Among them were pharmacist P. Seevaratnam, 32, and his bride T. Thilageswary, 29, an engineer, whose “big day” was only held at their home in Ayer Itam and attended by some 20 family members.
The couple did something noble with the money saved from the wedding expenses.
They bought student M. Shakkthivel a laptop and an orthotic walker for former Penang Island City Council labourer S. Kandiah.
Kandiah suffers from Charcot foot due to diabetes while Shakkthivel is a first-year software engineering degree student.
Seevaratnam’s family had also sponsored Kandiah’s motorised wheelchair two years ago.
“My brother gave me the idea of giving something back to society with the money that we had saved from the wedding.
“We would have spent close to RM80,000 if we had gone ahead with both the temple wedding and reception,” said Seevaratnam, whose wedding was supposed to be held on May 31.
He said they were nearly done with wedding preparations, including shopping for the trousseau in India, before the movement control order came into force.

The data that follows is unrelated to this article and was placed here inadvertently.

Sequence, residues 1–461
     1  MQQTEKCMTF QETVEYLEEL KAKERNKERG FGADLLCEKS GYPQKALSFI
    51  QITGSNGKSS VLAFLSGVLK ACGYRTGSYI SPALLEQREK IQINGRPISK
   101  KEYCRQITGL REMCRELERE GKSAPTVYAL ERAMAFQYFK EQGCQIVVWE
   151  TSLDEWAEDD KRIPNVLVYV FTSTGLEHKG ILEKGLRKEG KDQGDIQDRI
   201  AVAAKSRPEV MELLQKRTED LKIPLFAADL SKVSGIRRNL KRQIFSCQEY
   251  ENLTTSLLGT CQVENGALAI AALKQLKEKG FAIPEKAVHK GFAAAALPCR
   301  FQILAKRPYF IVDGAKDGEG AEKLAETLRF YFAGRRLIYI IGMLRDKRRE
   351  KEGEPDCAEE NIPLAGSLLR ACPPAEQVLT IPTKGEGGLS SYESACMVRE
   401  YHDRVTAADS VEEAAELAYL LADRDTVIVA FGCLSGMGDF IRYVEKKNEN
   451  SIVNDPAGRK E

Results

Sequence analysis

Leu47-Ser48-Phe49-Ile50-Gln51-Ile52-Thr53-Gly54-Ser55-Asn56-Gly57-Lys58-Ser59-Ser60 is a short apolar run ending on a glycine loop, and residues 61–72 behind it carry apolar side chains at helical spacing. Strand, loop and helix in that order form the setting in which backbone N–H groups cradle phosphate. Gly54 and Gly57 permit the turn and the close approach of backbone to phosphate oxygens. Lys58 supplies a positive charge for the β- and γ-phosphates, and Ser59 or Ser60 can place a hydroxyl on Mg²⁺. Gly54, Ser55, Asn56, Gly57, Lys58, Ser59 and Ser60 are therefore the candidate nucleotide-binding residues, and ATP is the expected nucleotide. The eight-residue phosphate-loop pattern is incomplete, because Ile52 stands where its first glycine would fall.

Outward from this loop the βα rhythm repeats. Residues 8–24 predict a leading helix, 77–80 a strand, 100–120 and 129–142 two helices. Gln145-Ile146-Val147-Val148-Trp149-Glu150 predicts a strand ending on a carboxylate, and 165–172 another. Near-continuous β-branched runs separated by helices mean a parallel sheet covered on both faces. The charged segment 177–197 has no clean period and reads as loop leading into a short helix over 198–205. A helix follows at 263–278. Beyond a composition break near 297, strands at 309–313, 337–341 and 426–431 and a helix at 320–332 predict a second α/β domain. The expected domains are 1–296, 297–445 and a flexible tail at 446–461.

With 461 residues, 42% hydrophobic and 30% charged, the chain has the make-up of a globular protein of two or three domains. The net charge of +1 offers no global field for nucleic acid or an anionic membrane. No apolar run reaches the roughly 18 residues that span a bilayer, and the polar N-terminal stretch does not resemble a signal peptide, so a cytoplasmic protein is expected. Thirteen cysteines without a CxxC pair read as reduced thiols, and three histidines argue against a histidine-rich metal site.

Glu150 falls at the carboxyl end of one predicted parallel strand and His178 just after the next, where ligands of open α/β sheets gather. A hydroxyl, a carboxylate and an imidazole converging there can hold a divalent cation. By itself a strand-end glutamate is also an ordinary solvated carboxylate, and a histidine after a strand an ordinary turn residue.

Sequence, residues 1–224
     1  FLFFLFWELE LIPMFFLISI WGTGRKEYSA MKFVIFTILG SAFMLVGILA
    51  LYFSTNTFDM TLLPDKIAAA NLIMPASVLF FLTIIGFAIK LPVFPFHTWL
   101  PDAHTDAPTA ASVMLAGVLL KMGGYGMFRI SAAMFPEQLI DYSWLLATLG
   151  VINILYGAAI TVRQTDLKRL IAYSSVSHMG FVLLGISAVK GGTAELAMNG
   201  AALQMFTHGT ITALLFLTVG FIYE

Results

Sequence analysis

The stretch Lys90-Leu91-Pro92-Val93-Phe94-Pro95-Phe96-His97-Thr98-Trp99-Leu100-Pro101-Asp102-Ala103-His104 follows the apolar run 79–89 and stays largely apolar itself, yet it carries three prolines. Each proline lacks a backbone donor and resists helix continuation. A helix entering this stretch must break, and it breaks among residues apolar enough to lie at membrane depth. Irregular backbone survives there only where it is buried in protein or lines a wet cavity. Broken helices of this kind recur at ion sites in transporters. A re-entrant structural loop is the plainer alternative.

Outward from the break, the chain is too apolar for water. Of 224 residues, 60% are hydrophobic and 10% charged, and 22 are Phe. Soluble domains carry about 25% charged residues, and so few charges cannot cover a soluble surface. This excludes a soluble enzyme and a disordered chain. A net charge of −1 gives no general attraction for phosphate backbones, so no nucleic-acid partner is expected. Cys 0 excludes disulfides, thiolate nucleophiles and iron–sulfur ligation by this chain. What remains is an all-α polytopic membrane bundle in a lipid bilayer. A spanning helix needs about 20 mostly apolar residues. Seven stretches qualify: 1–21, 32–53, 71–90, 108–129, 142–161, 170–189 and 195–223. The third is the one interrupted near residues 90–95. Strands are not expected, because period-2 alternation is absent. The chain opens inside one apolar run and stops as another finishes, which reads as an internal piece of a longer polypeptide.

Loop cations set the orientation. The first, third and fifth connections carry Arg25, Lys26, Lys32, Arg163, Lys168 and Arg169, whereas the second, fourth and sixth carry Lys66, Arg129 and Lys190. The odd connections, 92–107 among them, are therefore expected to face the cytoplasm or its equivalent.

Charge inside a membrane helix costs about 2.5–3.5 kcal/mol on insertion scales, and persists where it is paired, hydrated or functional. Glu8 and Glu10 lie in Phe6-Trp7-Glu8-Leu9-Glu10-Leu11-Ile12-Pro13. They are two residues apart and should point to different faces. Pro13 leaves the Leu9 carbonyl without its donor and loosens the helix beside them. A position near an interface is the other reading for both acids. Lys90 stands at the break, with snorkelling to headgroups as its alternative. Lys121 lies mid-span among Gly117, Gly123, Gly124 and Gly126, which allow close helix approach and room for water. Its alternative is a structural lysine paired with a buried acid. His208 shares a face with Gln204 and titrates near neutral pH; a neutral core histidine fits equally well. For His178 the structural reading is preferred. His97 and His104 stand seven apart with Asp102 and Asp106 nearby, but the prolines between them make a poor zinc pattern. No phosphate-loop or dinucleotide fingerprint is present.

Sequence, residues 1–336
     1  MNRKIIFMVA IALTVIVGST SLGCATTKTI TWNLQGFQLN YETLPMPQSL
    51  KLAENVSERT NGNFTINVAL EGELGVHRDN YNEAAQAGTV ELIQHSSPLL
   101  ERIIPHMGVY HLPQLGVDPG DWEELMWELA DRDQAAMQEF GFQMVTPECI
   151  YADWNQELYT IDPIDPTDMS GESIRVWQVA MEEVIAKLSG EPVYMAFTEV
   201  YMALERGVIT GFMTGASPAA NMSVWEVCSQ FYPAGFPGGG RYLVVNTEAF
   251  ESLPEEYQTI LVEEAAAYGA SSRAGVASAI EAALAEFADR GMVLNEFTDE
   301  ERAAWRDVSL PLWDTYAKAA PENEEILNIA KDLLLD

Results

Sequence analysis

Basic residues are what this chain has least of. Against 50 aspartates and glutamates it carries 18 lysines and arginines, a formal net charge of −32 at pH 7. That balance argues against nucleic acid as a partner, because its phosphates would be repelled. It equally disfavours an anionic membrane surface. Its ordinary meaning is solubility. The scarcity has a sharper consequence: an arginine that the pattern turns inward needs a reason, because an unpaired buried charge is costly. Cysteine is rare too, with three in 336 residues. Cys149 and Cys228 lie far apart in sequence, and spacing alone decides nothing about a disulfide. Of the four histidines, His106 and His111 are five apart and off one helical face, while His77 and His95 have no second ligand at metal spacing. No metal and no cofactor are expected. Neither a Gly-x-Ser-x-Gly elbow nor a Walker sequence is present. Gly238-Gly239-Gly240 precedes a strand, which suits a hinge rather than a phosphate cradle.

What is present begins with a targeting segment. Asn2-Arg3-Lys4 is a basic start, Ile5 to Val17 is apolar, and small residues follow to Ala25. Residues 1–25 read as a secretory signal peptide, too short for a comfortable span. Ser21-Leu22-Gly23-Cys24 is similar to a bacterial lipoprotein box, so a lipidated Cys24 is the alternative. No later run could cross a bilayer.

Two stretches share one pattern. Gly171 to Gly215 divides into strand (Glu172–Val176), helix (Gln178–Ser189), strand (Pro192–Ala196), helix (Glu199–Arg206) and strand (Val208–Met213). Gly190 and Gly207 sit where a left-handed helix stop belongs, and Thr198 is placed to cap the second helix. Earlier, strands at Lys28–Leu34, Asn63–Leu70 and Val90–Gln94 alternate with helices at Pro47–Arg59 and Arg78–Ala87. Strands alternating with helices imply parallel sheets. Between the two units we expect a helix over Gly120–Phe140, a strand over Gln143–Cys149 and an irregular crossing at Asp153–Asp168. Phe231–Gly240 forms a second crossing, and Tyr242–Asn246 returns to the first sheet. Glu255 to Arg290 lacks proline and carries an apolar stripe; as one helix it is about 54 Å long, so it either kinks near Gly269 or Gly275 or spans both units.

“The only thing we had left to do was send out the wedding invitations,” he said.
Thilageswary said, “Our families were worried about the disease, and after much deliberation and discussion, they decided to hold a simple ceremony at home.”
“We even followed the SOP such as checking temperature, preparing hand sanitiser and registering all the guests.
“Due to the restriction in the number of guests, only elder relatives attended the ceremony.
“It was important to seek their blessings,” she said, adding that the two deserving recipients were recommended by Malaysian Hindu Sangam, which carries out social and welfare activities regularly.
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